Audit Praises Clinton Administration’s New Student Loan Program
WASHINGTON (AP) _ Seizing on the results of a favorable audit, the Education Department is trying to persuade Congress to continue to support a new type of student loan praised by many universities but panned by Republicans.
``Government can indeed work better and cost less,″ the department’s top financial officer, Don Wurtz, said after releasing the report done for the agency’s inspector general.
But Republicans said they weren’t convinced. They plan a hearing Thursday on concerns that the new direct student loan program, a Clinton administration initiative that Congress approved in 1993, when Democrats were in control, lacks good financial safeguards.
The argument over direct lending is just part of an expected fight this year over student aid. College tuition is continuing to go up, and more students are taking on more debt. And pressure to cut back federal spending is intense.
President Clinton promotes direct lending as a way to save money, by eliminating government subsidies to the banks and private agencies that run the old guaranteed student-loan program. Education Secretary Richard Riley last summer estimated the potential savings of the program at $4.3 billion over five years.
But Republican critics complain direct lending will create a big new federal bureaucracy. They believe Clinton has failed to estimate the government’s costs of collecting _ or writing off _ future delinquent student loans.
Under the old loan program, a private bank makes a loan to a student and a private guaranty agency backs it, with ultimate backup from the government.
Under direct lending, the government gives money directly to the students through their schools’ financial aid offices. Students also have a much more flexible payback schedule.
The audit, by Urbach Kahn and Werlin, a Washington public accounting firm, found the Education Department had few cash-handling or computer problems during the current 1994-95 school year _ the program’s first year _ when 104 colleges and trade schools participated.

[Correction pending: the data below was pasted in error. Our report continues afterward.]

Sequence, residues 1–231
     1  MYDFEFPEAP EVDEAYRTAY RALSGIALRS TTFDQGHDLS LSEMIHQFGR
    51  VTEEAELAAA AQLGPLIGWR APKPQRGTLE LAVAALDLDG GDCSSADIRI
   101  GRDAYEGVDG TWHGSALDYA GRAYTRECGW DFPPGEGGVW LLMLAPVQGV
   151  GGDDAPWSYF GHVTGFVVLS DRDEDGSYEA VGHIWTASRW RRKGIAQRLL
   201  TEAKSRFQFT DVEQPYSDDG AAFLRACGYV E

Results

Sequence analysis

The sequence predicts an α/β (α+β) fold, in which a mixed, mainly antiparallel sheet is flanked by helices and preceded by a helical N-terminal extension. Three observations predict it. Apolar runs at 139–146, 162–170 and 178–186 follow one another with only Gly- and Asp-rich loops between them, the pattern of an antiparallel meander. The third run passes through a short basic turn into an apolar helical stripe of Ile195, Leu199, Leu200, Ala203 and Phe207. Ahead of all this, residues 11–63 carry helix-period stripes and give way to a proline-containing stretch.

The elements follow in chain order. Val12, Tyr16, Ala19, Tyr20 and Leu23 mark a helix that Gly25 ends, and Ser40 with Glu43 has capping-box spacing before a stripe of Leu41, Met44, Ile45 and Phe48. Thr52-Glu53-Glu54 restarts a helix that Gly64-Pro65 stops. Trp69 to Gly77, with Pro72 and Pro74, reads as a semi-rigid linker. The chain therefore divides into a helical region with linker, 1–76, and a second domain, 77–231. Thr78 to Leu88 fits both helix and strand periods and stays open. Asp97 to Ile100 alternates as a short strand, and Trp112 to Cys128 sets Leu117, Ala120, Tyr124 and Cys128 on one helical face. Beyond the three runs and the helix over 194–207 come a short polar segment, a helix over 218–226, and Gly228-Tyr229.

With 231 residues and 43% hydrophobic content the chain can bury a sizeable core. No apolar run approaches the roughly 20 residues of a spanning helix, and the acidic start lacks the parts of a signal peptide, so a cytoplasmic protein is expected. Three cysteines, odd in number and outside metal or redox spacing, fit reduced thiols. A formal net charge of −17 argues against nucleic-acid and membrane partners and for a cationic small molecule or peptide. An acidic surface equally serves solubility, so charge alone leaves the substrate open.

In the coming school year, the program is scheduled to jump to about 1,500 schools, and Clinton wants to add even more schools the third year.
But Republicans want to cap direct lending at 40 percent of all student loans, thus allowing the old and new programs to run simultaneously as a test. The original plan was for 5 percent of student loans to be direct from the government in the first year and at least 60 percent by the 1998-99 school year.
The Republicans cite a recent study done by a congressional advisory committee, which warned that the Education Department has no good way to track possible problem schools.
Under the old loan program, the Education Department kicks out schools with student default rates of 25 percent over three years. Some lawmakers, worried about trade-school scams, view that as the best way to ensure that student aid money is well-spent.
But the Education Department insists it will continue to use defaults to track problem schools under direct lending. And it says closer contact with schools also will improve accountability.
``When you have on-line, real-time information, you’re able to manage the program much more effectively,″ Wurtz said.
However, the audit done for the inspector general also hinted at possible concerns with tracking problem schools.
It said the Education Department needs to start performing ``risk-based reviews″ to identify problems, such as whether a school is asking for too much loan money at one time.